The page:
Multicultural New Zealand (1999)

It is Asia week in Auckland. Under the glass-fronted skyscrapers of the Central Business District, stalls are selling noodles and Bollywood videos. Chinese lanterns and coloured streamers hang over busy shopping streets in which Tibetan activists collect signatures while Bharata Natyam dancers perform to a throng of contented, dhosa-munching Indian families.

Over the festivities rises the science-fiction silhouette of the Sky Tower, at 328 metres the highest structure in the Southern Hemisphere and symbol of contemporary New Zealand. This country is no longer an outpost of the British empire, but a nation on the Pacific Rim, twenty-first century capitalism's wild frontier. Dragging my jetlag through the wide streets I can sense change, a subtle but fast moving undertow to the Saturday-afternoon current of shoppers.

Sitting in a café I snack on prawn crackers and notice that a photo of one of the Indian dancers has made the front page of the New Zealand Herald. Beneath it are some telling statistics. In seven years time New Zealand's Asian population will overtake the number of resident Pacific Islanders. By 2050, the white or 'Pakeha' community will make up only half the total, down from around 70% today. During the same time period, numbers of Maori are set to double. Turning to the business section I read that New Zealand's economy is shifting focus as Asian investment flows into the country and its once-special trading relationship with Britain fades into history. It seems Asia week is about acclimatising white New Zealanders to more than spicy food and unfamiliar music.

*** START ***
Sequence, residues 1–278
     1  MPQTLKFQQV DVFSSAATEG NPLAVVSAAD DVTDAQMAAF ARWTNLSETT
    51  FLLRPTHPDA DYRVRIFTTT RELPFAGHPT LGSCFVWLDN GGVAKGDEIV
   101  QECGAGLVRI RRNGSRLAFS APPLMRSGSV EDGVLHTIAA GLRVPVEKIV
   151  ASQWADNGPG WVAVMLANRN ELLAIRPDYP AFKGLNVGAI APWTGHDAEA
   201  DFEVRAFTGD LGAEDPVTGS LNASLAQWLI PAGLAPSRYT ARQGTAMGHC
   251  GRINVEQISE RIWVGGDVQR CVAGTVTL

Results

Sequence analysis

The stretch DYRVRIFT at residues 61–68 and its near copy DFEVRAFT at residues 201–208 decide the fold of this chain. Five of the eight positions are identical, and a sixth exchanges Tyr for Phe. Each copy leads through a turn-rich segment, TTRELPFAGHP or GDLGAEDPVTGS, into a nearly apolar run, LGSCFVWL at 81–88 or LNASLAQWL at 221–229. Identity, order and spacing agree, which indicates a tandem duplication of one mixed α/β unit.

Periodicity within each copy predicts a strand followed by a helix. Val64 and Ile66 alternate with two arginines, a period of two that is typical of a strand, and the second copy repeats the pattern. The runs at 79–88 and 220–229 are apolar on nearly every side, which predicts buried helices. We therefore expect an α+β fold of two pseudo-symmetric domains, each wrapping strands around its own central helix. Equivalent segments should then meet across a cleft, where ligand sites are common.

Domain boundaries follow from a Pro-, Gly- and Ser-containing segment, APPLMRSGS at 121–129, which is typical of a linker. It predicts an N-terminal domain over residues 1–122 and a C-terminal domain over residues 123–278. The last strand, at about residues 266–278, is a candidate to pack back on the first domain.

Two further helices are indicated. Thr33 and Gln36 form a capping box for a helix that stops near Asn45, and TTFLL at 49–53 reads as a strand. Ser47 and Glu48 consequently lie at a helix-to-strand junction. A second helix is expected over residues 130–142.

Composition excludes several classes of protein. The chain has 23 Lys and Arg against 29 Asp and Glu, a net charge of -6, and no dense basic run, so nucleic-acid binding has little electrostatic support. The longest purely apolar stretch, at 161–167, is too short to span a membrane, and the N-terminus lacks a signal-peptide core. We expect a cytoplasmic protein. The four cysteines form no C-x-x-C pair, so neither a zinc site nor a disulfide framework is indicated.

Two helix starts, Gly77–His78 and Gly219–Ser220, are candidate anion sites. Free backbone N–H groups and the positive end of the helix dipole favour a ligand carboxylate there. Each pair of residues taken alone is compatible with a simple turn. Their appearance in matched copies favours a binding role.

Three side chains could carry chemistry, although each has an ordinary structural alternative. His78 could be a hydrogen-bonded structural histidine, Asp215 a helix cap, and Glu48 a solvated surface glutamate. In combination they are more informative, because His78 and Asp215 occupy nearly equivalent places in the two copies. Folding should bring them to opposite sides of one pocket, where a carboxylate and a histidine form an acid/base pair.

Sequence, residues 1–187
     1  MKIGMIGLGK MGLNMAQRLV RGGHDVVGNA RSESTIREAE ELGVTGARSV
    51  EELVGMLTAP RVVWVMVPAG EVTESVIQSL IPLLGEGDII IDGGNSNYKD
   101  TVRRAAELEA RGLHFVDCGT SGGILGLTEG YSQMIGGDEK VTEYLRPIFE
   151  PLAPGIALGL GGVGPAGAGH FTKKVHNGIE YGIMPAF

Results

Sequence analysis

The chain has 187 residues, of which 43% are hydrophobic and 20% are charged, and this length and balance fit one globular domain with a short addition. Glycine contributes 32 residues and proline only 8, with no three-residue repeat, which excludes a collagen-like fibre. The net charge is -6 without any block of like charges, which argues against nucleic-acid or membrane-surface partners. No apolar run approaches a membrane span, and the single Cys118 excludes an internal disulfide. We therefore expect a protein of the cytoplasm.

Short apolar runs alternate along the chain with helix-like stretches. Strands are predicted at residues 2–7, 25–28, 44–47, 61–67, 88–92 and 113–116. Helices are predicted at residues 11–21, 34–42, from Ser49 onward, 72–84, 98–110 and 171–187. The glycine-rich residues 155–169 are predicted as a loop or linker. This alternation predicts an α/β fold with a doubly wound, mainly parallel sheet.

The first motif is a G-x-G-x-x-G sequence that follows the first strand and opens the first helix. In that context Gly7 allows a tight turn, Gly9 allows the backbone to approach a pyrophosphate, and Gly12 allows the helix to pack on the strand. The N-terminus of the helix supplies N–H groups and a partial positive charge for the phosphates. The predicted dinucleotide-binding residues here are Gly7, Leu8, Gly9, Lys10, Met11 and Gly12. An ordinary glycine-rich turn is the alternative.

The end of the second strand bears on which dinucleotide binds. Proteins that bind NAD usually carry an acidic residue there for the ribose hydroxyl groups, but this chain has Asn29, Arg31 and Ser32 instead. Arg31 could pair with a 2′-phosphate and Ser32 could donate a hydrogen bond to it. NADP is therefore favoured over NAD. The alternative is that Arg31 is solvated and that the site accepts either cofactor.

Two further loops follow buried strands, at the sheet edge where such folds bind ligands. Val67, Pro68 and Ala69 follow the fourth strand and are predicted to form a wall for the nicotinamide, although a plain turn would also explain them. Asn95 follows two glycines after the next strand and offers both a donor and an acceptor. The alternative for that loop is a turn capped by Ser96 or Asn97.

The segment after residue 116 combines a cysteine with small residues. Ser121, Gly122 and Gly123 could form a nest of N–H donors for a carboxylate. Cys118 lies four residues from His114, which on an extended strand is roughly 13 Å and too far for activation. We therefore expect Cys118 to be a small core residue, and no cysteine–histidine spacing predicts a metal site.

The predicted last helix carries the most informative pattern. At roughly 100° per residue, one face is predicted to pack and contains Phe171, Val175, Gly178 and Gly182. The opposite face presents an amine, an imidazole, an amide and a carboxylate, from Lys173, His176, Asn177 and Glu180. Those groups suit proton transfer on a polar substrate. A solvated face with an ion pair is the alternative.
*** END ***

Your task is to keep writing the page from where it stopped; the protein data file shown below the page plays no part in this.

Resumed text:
The pace of change may account for the Estate Agent's icy smile. Blonde, well-manicured and conspicuously mobile-phoned, she is selling units in a "luxury serviced apartment complex" in Auckland harbour. We stand at the balcony of the show flat, watching people drink lattes in the line of new waterfront cafés. The bay sparkles like new-minted currency, and she tells me how the forthcoming defense of the Americas cup has unleashed a flurry of development. Her building is directly across the water from hangers that will house the international yachting teams. Sales are brisk. Yet when I ask if the development is backed by Asian cash, her face darkens.
"No," she says from between gritted teeth. "It's good old New Zealand money. We can do some things on our own."

It takes a few days before I realise why my question irritated her. Self-reliance is one of the cornerstones of Pakeha identity, and it's this very quality that the globalism of Asia Week subtly puts into question. Up on Mount Eden, an extinct volcano which gives some of the best views of Auckland's leafy sprawl of houses, there is a delapidated obelisk, a memorial to the pioneers who "transformed a wilderness into the smiling land you see before you." The rhetoric is old-fashioned, but this nineteen-thirties inscription gives a taste of the conservative pride that is threatened by the appearance of a sushi bar next to the London bookshop, or the spectacle of cricketers in Victoria Park playing beneath murals of Jackie Chan and Gong Li.